Rod Stewart was practically a rock 'n' roll veteran when he released his breakthrough album, Every Picture Tells a Story, in May 1971. Stints with the forgotten Dimensions and Steampacket led to a gig in 1967 singing with the Jeff Beck Group, which the former Yardbirds guitarist hand-picked as his latest contribution to England's electric blues movement.

Stewart's two albums with the group -- 1968's Truth and the following year's Beck-Ola -- helped establish him in the rock community. But it would take three solo albums before he finally became a worldwide hit.

His first record, 1969's An Old Raincoat Will Never Let You Down barely dented the charts in the U.S. (where it was retitled The Rod Stewart Album) and failed to chart at all in Stewart's native U.K. The next year's follow-up, Gasoline Alley, fared a little better, cracking the Top 30 in the States. But both LPs were filled with worn-out cover songs, traditional numbers and boring original compositions that made uncovering their gems a tough slog.

But something happened along the way: namely, the Faces. When Ronnie Wood was brought in to replace Steve Marriott in the Small Faces, Stewart joined his old pal and Jeff Beck Group bandmate as the newly named Faces' singer. They released their debut album under their new moniker, First Step, between Stewart's first two solo LPs. But the real effect wouldn't take hold until he started recording the third one.

Even though Every Picture Tells a Story, for contractual reasons, couldn't be called a Faces album, it is at times. The ragtag mix of country, blues and folk filtered through a boozy rock 'n' roll ethic is part of the band's and the album's DNA, and the group that backed Stewart on Story -- fellow Faces members Wood, Kenney Jones, Ronnie Lane and Ian McLagan all appear, along with other musicians who get into the spirit of things -- plays the role perfectly.

From the start, Every Picture Tells a Story sounds like a statement of purpose. The opening title track, cowritten by Stewart and Wood, is almost totally acoustic and manages to rock harder than songs with 10 times the amp power. And it's everything an opening, title track should be: an introduction, a summation, a defining moment of a classic album's path.

By shoving aside the somewhat reserved atmosphere of his first two albums and adapting the runaway-train approach the Faces would apply to Long Player (which was released a few months before Every Picture Tells a Story) and A Nod Is as Good as a Wink ... to a Blind Horse (which came out later in the year), Stewart turned in a career-making performance that's all bluesy, boozy swagger and rock-star flash.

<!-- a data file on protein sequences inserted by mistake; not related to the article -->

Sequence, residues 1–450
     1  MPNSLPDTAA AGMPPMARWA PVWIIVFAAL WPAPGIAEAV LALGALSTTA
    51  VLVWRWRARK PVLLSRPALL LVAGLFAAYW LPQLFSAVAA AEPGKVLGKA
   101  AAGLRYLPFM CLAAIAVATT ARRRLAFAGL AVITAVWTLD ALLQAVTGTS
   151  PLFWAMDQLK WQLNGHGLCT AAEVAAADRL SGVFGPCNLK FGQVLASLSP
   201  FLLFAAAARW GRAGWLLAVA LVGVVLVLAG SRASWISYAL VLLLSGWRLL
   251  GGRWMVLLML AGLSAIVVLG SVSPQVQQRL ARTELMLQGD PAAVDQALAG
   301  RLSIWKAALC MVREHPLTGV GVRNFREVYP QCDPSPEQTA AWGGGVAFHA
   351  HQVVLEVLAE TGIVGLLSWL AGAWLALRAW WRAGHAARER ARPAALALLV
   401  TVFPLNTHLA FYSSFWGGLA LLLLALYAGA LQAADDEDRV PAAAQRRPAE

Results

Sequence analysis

If anyone needed further proof, it was right there about 15 minutes later, when "Maggie May" shows up between a pair of acoustic numbers -- a 30-second instrumental intro to "Maggie May" called "Henry" and "Mandolin Wind," the only cut on Picture to be credited solely to Stewart -- and announces rock's biggest new star.

The soulful kick of the Temptations cover "(I Know I'm) Losing You" and the album-closing take on folksinger Tim Hardin's "Reason to Believe" helped form Stewart's early-'70s persona on the album, which reached No. 1. ("Maggie May," originally the B-side of "Reason to Believe," also made it to No. 1.) A couple of tracks may get lost in the shuffle -- the plodding "Seems Like a Long Time" follows that killer title track and seems like a lost cause -- but coming off a pair of albums that few people heard, they're small bumps along the way.

Stewart (and apparently the record company and everybody else involved) liked Every Picture Tells a Story so much that they repeated it the next year with Never a Dull Moment, which featured the same band, the same acoustic-rock groove and almost the same results (the "Maggie May"-like single "You Wear It Well" stalled outside of the Top 10, but the album made it to No. 2).

By the middle of the decade, Stewart had left the Faces, and their sound, behind, with ups and downs coursing through his career for the next 40 years. Every Picture Tells a Story made him a star, and it's rightfully the work that continues to identify him, years after "Da Ya Think I'm Sexy?" and those standards albums gather dust. It's also a landmark record of the '70s, one that casually flows with warmth, sex and the sense that something big is on the horizon.

See Rod Stewart and Other Rockers in the Top 100 Rock Albums of the '70s

See Rod Stewart's Spouse in Our Video of Rock's Hottest Wives